The VA Aid and Attendance benefit can help some vets and spouses pay for nursing homes, assisted living facilities, and home health care. But the application process is often long and complicated.
At an assisted living facility about 30 miles north of Baltimore, Army veteran Eugene "Bernie" Popiolek, 95, attended a birthday party for a fellow resident.
He sat by the fireplace and snacked on cupcakes passed around by the same small staff who help him with his daily needs.
"They treat me wonderful, I couldn't be treated better," said Popiolek, who has lived at the facility for three years.
The facility costs Popiolek more than $6,000 a month. He pays for it with social security, retirement funds and, as of January 2019, about $1,900 in monthly pension payments from the Department of Veterans Affairs.
The money comes through a VA program called Aid & Attendance, which is designed for war veterans and their surviving spouses who are unable to care for themselves. The recipients must have a net worth less than $129,094, including most assets and annual household income, minus medical expenses not covered by insurance.
"They help me out; I know that," said Popiolek, who said he is proud the VA is recognizing his service as a quartermaster in World War II.
But securing that recognition took his son Gene nearly two years.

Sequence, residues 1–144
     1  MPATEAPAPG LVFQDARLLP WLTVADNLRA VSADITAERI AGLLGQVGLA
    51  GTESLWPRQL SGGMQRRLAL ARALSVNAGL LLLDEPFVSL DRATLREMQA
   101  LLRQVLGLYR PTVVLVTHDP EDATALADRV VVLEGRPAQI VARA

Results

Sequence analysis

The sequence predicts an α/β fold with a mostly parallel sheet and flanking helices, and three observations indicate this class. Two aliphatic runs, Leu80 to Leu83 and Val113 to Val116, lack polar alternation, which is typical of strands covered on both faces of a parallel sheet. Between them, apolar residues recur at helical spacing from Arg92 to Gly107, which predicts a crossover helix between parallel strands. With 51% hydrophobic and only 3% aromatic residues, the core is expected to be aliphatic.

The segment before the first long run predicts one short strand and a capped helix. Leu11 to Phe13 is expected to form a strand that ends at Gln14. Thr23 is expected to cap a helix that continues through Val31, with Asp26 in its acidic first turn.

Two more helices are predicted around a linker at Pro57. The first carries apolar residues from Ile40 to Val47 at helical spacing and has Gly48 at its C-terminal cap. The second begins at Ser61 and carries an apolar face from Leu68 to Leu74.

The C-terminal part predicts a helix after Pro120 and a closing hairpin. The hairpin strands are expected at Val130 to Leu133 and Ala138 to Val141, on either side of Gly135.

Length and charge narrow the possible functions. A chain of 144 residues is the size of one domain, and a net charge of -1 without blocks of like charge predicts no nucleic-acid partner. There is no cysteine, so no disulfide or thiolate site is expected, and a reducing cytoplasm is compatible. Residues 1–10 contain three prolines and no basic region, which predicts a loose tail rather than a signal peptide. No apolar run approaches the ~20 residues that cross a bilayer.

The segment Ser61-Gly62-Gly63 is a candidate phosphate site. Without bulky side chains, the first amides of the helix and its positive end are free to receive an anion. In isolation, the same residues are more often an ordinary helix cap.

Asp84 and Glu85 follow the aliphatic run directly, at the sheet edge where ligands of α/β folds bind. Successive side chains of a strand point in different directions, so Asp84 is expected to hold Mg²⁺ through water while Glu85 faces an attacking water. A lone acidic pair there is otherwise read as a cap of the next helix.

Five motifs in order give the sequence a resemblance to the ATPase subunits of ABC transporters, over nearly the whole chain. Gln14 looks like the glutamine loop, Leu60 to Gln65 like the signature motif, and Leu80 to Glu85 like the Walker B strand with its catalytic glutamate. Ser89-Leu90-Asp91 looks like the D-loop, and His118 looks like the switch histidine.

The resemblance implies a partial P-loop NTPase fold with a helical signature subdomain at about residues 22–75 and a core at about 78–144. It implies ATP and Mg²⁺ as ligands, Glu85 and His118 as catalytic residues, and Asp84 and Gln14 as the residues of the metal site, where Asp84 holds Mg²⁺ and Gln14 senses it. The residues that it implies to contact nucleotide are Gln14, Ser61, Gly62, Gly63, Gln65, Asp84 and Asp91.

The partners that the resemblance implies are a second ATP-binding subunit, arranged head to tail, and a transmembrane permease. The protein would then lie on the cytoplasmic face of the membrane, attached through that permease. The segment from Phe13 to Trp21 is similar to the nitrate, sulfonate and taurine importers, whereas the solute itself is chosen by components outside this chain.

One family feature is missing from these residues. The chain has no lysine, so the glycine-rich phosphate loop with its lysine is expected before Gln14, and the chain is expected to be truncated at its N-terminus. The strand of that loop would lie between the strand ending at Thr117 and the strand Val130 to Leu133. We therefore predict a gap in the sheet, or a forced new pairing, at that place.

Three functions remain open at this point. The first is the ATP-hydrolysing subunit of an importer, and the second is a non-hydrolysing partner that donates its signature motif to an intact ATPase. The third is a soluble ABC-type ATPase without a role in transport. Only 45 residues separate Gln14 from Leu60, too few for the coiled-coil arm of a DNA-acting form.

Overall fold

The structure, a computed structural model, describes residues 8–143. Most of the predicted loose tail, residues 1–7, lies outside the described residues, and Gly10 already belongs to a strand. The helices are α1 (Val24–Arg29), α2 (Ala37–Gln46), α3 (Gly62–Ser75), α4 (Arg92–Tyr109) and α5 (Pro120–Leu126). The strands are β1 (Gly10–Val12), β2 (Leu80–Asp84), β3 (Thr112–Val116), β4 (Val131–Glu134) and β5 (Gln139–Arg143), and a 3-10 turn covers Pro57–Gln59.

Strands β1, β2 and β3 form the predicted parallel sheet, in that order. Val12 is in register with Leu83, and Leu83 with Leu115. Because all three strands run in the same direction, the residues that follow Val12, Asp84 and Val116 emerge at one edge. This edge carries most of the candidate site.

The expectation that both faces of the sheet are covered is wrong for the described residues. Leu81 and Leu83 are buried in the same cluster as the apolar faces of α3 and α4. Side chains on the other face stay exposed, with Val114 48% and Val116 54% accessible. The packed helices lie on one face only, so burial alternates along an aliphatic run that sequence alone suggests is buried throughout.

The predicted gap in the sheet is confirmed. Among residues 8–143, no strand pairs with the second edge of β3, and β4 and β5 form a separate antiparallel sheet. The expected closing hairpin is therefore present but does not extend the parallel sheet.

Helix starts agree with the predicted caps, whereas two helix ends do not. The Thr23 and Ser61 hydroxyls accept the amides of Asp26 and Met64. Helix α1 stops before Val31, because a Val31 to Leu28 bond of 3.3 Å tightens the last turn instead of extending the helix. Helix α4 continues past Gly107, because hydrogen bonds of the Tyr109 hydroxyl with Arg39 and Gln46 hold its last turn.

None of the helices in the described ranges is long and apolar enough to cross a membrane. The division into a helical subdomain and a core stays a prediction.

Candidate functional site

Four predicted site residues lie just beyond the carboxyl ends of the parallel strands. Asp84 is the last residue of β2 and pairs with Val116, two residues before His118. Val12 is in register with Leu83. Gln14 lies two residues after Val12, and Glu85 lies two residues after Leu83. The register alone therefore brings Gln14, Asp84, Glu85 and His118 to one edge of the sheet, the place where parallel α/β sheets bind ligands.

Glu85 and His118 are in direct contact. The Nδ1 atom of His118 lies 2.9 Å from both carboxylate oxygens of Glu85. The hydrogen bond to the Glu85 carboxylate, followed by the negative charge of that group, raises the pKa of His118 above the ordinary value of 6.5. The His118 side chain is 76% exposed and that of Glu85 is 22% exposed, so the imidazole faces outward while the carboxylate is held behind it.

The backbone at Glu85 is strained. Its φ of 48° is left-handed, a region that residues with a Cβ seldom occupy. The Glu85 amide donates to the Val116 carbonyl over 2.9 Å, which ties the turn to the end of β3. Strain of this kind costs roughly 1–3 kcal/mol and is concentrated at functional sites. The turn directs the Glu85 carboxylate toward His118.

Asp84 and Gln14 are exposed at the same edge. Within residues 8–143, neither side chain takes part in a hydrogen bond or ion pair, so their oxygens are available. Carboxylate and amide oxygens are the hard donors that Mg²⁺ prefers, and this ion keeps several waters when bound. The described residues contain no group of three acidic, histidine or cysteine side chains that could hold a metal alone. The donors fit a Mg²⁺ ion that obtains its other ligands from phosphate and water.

A stack of papers; months of waiting
At his nearby home, the younger Popiolek dropped a box of paperwork on his dining room table with a loud thud. It contained bank statements, documents about his dad's service, health records, letters to and from the VA, and correspondence with members of Congress.
The papers in the box document the family's effort to enroll Bernie Popiolek in the VA's Aid and Attendance program.
"It's about 25-30 pounds altogether, soon to be added to with another appeal," said Gene Popiolek, 68.
A lot of that paperwork is common for Aid and Attendance applications. Potential recipients need doctors to verify that they are physically or mentally incapable of living independently. They also need to track down military records that confirm they or their spouse served on active duty for at least one day during wartime. And they need to produce financial documents that prove their net worth.
Popiolek's stack of papers is higher than most, however, because his application process did not go smoothly.
He applied for Aid and attendance for his dad in February 2017, enlisting a lawyer who was a family friend to help prepare the application. The VA then requested his father's medical records from Germany in 1946, which Popiolek located and mailed.
Months later, he found out his application was rejected.
"I just couldn't understand why he wasn't approved," said Gene Popiolek, who quickly filed an appeal.
After several more months, he asked for help in an online forum, and another user pointed out the problem. It turned out that the lawyer who helped Popiolek with the application filled out the wrong form.
So Popiolek applied again, and six months later his father finally started receiving the pension, as well as retroactive pay going back to the effective date of the second application.
At about $1,900 a month, Popiolek's father receives the maximum benefit for veterans with no dependents. A surviving spouse can receive about $1,200.